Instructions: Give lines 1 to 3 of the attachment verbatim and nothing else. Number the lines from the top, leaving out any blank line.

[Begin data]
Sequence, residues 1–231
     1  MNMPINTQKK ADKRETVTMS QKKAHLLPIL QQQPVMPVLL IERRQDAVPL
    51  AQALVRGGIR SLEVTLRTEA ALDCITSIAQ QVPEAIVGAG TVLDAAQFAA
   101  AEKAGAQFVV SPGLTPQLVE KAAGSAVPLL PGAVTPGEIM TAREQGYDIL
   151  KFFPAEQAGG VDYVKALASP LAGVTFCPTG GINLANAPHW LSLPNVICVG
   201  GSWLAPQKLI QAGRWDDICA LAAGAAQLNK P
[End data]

Sequence, residues 1–231
     1  MNMPINTQKK ADKRETVTMS QKKAHLLPIL QQQPVMPVLL IERRQDAVPL
    51  AQALVRGGIR SLEVTLRTEA ALDCITSIAQ QVPEAIVGAG TVLDAAQFAA